[Book Cover]

Horticulture: Principles and Practices, 1/e

George Acquaah, Langston University

Published July, 1998 by Prentice Hall Career & Technology

Copyright 1999, 772 pp.
Cloth
ISBN 0-13-518275-1


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    Introduction to Horticulture-Agriculture


Summary

For undergraduate-level courses in Introductory Horticulture and Principles of Crop Production. Written from the point of view of the horticulturalist, this comprehensive introduction to horticulture as a science, art, and business explores the four general areas of horticulture—ornamental horticulture, fruit culture, vegetable culture, and landscape architecture—and covers all the essential principles and practices of horticulture pertaining to indoor and outdoor production. The emphasis throughout is on the underlying science—including current technology—and how it is applied in practical horticulture.

Features


Horticulture as a science, an art, and as a business.

  • Helps students develop a broad understanding of all the dimensions of the field, showing how they are interconnected, and expanding their view of the opportunities available.
An emphasis on the basic principles and practices of horticulture.
  • Minimizes regional and national biases.
An exploration of the four general areas of horticulture—Ornamental horticulture, fruit culture, vegetable culture, and landscape architecture.
  • Introduces students to the full range of horticultural topics.
All the essential principles and practices of horticulture pertaining to indoor and outdoor production.
An integration of the underlying science and practice of horticulture—Including current technology.
Extensive illustration program—Features 600 photographs and line drawings with comprehensive captions, and numerous detailed tables.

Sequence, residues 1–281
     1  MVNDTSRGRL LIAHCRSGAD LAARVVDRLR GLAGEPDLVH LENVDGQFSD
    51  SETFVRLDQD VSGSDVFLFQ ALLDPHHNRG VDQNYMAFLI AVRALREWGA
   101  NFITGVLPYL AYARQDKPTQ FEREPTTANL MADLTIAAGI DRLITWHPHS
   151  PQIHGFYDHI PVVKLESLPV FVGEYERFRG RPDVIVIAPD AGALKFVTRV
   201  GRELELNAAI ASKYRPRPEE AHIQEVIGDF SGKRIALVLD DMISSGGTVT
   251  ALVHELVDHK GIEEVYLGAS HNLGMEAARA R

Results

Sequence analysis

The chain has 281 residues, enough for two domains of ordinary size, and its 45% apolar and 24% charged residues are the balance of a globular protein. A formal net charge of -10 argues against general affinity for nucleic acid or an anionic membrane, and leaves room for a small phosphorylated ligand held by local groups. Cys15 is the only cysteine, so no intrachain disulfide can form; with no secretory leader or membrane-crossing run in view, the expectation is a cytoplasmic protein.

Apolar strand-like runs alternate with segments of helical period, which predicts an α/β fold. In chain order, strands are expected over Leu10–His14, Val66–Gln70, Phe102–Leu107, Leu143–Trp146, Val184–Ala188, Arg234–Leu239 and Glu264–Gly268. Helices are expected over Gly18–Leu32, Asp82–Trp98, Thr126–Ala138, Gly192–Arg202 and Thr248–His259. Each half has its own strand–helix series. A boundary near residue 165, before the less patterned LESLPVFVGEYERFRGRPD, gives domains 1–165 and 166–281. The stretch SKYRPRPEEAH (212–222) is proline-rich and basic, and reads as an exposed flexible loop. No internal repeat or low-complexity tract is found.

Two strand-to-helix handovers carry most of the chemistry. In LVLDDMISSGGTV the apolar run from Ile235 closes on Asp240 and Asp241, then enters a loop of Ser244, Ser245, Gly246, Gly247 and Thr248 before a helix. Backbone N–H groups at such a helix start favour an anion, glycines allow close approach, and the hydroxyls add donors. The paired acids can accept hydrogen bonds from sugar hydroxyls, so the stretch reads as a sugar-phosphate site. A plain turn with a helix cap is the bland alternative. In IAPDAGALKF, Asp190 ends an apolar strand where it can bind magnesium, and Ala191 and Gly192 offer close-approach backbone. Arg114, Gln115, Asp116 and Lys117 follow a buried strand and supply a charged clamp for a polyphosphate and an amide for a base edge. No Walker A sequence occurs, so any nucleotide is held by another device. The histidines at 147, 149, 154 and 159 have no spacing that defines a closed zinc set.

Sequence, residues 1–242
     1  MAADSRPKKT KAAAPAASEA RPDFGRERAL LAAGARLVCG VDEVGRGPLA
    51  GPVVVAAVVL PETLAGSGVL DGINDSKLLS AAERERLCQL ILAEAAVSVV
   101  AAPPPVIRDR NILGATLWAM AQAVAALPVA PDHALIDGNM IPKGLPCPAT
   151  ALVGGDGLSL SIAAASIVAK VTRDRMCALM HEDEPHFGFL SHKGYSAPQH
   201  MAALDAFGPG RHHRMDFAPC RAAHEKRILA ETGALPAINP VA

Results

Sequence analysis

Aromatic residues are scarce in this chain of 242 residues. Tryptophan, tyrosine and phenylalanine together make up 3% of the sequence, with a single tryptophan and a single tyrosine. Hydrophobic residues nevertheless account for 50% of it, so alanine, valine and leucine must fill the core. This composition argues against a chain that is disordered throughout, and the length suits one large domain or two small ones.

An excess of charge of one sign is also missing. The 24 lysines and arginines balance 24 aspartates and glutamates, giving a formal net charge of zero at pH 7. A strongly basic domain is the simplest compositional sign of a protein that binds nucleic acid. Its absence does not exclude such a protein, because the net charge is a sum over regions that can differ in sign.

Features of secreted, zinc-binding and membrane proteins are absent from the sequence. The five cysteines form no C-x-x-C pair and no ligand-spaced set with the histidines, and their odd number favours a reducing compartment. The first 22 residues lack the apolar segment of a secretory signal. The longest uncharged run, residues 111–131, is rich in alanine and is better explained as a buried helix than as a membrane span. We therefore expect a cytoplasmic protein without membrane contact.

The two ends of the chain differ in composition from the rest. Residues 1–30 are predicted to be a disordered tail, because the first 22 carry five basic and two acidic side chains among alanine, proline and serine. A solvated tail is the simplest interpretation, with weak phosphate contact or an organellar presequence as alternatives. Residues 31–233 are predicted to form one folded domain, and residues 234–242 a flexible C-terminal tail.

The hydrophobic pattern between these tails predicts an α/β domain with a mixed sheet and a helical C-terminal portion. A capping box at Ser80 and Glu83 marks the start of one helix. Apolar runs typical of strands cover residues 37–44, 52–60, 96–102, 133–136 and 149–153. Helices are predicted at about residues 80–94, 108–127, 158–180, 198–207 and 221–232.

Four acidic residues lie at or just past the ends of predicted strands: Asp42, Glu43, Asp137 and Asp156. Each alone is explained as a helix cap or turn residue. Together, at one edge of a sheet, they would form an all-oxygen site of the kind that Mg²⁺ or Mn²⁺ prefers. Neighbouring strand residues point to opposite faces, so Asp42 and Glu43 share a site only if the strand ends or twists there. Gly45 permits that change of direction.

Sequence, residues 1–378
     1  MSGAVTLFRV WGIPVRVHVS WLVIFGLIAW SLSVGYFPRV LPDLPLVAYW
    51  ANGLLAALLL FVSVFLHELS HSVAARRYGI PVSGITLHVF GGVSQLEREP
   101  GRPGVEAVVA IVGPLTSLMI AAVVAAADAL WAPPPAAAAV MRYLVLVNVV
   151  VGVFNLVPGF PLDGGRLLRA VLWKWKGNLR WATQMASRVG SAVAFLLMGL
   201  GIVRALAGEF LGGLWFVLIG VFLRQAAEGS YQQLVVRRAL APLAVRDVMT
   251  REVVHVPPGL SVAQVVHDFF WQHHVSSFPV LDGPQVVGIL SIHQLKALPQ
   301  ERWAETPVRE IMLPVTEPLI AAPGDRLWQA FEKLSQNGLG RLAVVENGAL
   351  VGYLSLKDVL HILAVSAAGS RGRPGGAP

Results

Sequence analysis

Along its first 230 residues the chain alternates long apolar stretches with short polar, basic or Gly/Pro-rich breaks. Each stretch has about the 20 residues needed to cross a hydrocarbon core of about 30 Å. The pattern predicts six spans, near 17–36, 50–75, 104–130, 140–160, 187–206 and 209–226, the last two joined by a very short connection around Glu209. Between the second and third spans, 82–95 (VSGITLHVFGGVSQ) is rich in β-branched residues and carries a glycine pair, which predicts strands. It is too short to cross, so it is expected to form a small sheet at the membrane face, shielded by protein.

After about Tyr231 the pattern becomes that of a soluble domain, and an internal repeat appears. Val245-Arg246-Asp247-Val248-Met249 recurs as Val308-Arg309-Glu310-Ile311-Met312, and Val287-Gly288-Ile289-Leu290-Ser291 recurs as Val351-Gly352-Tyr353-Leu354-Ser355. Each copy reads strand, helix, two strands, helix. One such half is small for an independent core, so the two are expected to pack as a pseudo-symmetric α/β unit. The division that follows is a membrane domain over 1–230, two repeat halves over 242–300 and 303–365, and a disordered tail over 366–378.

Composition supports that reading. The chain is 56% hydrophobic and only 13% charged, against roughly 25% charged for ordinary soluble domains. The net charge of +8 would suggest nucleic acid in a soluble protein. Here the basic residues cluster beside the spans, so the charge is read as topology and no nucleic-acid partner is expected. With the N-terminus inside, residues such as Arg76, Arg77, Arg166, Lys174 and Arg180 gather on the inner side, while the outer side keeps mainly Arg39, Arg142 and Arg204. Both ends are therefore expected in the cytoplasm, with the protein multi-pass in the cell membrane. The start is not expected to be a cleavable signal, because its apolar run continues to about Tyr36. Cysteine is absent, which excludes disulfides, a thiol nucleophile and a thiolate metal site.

A consistent pedagogic format in each chapter—Chapter objectives or purpose; Expected outcomes; An Overview; Clear headings and subheadings; Highlighted, defined, and cross-referenced key words and terms; Brief summary; List of literature; List of key words and terms used; Suggested practice activities; Multi-part Outcomes Assessment for self-evaluation — organized at three levels of difficulty to test knowledge of facts and ideas as well as synthesis and application.
  • Keeps students focused as they study each chapter and provides convenient in-text resources for review and self-assessment.
A glossary.


Table of Contents
    Introduction: What Is Horticulture?
I. THE UNDERLYING SCIENCE.
    1. Classifying and Naming Horticultural Plants.
    2. Plant Anatomy.
    3. Plant Growth Environment.
    4. Plant Physiology.
    5. Plant Genetics and Improvement.
II. PROTECTING HORTICULTURAL PLANTS.
    6. Biological Enemies of Horticultural Plants.
    7. Principles and Methods of Disease and Pest Control.
III. PROPAGATING HORTICULTURAL PLANTS.
    8. Sexual Propagation.
    9. Asexual Propagation.
IV. GROWING PLANTS INDOORS.
    10. Growing House Plants.
    11. Controlled Environment Horticulture.
V. GROWING PLANTS OUTDOORS.
    12. Principles of Landscaping.
    13. Nursery Production and Installation of the Landscape.
    14. Lawn Establishment and Maintenance.
    15. Pruning.
    16. Maintenance of the Landscape and Garden.
VI. GROWING GARDEN CROPS.
    17. Growing Vegetables.
    18. Herb Gardening.
VII. MISCELLANEOUS TOPICS.
    19. Management of Selected Fruit Trees and Small Fruits.
    20. Postharvest Handling and Marketing of Horticultural Plants.
    21. Organic Farming.
    22. Cut and Dried Flowers: Production and Arranging.
    23. Computers in Horticulture.
    24. Growing Succulents.
    25. Terrarium Culture.
    26. Bonsai — The Art of Miniature Plant Culture.
    Glossary.
    Index.


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